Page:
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May 16, 2006 > Judge suspends California's high school exit exam

Judge suspends California's high school exit exam

by JULIET WILLIAMS, Associated Press Writer

SACRAMENTO, Calif. (AP), May 13 _ Despite failing California's high school exit exam, senior Mayra Ibanez may get a chance to start training next year to become a medical assistant after a judge suspended the test.

Superior Court Judge Robert Freedman's ruling Friday that the exam is discriminatory could allow Ibanez and thousands of other students who failed it to get their diplomas anyway.

Freedman also denied the state's request for a stay pending an appeal.

Superintendent of Public Instruction Jack O'Connell said the state would immediately appeal the decision, which he said creates "chaos" for more than 1,100 high schools that are completing graduation preparations.

"How are these students and these schools to plan for their futures?" he asked.

Ibanez, 18, one of 10 students who, along with their parents, sued over the exam, said she cried when she heard about the ruling.

"It is hard to be poor. It is hard to grow up in a place where there is a lot of crime," said Ibanez, a Mexican immigrant who attends school in the San Francisco Bay area city of Richmond. "No one will be hurt if we get our diploma."

The Alameda County judge agreed with the plaintiffs that the exam discriminates against poor students and those who are learning English.

"There is evidence in the record that shows that students in economically challenged communities have not had an equal opportunity to learn the materials tested," Freedman wrote.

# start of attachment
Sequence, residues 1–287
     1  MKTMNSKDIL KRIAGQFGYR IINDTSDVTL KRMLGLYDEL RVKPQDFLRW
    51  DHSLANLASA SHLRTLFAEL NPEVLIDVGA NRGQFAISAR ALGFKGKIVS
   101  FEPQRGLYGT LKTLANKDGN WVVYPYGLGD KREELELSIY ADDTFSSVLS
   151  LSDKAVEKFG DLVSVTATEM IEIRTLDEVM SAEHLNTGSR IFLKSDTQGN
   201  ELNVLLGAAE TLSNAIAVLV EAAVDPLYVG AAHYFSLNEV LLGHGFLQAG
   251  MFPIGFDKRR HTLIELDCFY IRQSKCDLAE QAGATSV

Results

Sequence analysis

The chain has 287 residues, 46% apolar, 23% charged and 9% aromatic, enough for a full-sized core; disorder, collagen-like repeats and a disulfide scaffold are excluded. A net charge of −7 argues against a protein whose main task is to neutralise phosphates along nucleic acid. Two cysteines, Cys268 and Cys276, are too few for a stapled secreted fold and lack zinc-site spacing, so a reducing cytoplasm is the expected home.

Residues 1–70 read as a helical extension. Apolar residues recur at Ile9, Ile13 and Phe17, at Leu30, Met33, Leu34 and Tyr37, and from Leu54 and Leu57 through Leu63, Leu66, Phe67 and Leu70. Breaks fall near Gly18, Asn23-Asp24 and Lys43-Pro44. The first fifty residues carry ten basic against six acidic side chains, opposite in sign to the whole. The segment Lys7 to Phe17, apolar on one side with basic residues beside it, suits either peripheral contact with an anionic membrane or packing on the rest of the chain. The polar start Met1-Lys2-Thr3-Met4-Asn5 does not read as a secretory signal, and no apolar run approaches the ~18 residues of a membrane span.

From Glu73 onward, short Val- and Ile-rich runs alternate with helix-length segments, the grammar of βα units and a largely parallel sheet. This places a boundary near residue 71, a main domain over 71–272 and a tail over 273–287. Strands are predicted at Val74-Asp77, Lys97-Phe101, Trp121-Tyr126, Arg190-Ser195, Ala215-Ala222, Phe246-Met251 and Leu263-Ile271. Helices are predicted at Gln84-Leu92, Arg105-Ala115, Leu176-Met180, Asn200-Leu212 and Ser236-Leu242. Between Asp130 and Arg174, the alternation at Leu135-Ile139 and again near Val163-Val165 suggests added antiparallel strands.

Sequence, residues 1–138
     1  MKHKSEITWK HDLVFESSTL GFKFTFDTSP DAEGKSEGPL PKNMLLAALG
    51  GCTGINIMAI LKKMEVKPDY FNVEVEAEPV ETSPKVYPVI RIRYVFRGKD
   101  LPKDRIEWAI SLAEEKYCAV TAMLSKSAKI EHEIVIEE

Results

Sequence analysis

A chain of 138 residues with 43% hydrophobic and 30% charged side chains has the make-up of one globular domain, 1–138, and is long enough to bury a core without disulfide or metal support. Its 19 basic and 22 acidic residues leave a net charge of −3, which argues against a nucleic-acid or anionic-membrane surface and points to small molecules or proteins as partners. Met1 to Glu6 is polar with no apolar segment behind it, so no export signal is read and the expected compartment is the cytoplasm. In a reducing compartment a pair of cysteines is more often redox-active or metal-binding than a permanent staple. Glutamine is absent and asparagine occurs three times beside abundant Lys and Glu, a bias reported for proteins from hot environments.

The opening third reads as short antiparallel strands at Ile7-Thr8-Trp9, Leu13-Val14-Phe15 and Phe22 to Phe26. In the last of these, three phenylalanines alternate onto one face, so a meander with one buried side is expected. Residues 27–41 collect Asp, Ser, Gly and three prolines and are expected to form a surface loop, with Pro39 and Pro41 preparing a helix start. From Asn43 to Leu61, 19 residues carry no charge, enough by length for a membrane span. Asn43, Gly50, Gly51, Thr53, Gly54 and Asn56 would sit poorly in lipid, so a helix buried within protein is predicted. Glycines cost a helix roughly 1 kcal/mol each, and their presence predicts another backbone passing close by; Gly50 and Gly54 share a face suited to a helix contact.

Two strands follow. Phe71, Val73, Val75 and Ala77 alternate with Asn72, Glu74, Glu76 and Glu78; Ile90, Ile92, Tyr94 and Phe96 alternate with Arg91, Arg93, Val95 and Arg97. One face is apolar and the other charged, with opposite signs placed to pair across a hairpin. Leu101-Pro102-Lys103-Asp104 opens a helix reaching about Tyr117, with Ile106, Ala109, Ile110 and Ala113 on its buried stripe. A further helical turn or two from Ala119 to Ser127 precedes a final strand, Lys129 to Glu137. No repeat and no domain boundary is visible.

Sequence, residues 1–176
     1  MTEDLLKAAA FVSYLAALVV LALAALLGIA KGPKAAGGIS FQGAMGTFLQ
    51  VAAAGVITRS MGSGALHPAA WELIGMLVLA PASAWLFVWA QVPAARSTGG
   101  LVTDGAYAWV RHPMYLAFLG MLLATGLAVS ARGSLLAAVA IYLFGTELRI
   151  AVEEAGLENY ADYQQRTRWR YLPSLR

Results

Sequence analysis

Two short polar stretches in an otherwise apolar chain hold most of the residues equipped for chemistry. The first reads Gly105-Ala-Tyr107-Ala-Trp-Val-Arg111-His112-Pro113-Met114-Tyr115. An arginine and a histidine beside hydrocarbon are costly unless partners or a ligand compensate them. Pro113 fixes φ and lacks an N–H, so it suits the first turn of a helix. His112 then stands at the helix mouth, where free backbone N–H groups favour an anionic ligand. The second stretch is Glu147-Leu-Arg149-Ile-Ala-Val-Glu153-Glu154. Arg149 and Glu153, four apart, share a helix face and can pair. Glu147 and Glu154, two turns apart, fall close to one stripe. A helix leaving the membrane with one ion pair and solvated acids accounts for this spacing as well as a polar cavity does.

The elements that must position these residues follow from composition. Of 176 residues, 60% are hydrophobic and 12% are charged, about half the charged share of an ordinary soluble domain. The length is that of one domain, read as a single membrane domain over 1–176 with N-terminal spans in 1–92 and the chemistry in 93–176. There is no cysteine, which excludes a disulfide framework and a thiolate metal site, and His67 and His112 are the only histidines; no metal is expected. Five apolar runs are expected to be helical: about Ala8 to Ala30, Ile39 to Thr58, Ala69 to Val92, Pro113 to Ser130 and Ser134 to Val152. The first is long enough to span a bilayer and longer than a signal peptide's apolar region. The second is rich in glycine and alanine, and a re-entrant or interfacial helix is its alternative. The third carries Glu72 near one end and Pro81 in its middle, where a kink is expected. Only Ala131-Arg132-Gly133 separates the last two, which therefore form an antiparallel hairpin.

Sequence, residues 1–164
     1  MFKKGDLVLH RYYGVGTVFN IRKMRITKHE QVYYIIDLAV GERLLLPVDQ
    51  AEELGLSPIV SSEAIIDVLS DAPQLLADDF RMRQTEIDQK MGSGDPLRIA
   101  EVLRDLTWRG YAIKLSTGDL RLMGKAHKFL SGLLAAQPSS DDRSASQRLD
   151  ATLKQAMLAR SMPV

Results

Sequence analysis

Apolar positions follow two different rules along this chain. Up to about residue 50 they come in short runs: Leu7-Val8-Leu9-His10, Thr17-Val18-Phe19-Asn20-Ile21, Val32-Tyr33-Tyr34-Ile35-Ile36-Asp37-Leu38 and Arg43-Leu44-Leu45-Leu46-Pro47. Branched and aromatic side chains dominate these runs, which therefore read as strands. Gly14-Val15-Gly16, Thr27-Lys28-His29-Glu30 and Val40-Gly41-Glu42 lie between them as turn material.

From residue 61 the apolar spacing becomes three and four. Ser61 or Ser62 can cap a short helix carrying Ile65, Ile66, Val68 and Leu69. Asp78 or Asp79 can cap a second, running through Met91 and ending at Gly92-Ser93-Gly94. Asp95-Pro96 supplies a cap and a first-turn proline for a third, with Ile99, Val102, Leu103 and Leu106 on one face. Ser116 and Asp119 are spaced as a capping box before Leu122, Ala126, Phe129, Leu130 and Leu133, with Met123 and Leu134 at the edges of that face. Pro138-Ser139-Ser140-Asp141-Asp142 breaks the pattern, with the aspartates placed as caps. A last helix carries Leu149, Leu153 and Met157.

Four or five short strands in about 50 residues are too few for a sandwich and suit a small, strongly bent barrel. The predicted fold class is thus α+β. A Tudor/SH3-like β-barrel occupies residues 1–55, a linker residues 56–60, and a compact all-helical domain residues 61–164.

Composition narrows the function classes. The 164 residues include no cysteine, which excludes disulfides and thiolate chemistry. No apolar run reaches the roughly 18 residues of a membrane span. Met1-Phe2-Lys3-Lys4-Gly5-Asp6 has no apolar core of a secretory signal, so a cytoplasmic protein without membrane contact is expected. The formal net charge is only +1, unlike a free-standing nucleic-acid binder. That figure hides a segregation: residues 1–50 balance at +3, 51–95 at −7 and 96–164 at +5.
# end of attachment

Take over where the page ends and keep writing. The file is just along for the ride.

This year's graduating class is the first required to pass the exam to get a diploma. Students have multiple opportunities to take the exam, starting when they are sophomores.

The ruling could affect 47,000 seniors _ about 11 percent of the class of 2006 _ who have yet to pass the exam's English and math sections. State officials don't know how many of those students have met the other graduation requirements.

"We have been fighting for months to get to this moment," said the plaintiffs' lead attorney, Arturo Gonzalez.

Four of the plaintiffs have asked to be dropped from the suit, one after passing the exam.

Retired teacher PJ Macado-Silvestro, who has been working with students in Fresno who failed the exam, has mixed feelings about the decision.

She said she was "overjoyed" for students she described as "English learners," but also felt for the teachers and students who invested time and effort in exam preparations. She said she hopes the decision doesn't send the message that "we're not holding the students to high expectations."

Gov. Arnold Schwarzenegger said he agreed with O'Connell's decision to appeal the ruling.

In the revised budget for next year released Friday, Schwarzenegger increased the amount of money available to schools to help students pass the exam to $70 million, up from a proposed $40 million earlier this year.

Last year, the Legislature allocated $20 million in remedial aid. Freedman said in his decision that the funds were insufficient and arbitrarily distributed, noting that the aid failed to reach nearly half of the seniors who had not passed the exit exam by the start of this academic year.

Friday's ruling came in one of three lawsuits filed against the exam.

Earlier this year, special education students won a one-year reprieve on the requirement. Next week Freedman is scheduled to hear arguments in a third suit, which claims state officials failed to consider alternatives to the test, as the law required.


Associated Press Writers Lisa Leff in San Francisco and Samantha Young in Sacramento contributed to this report.

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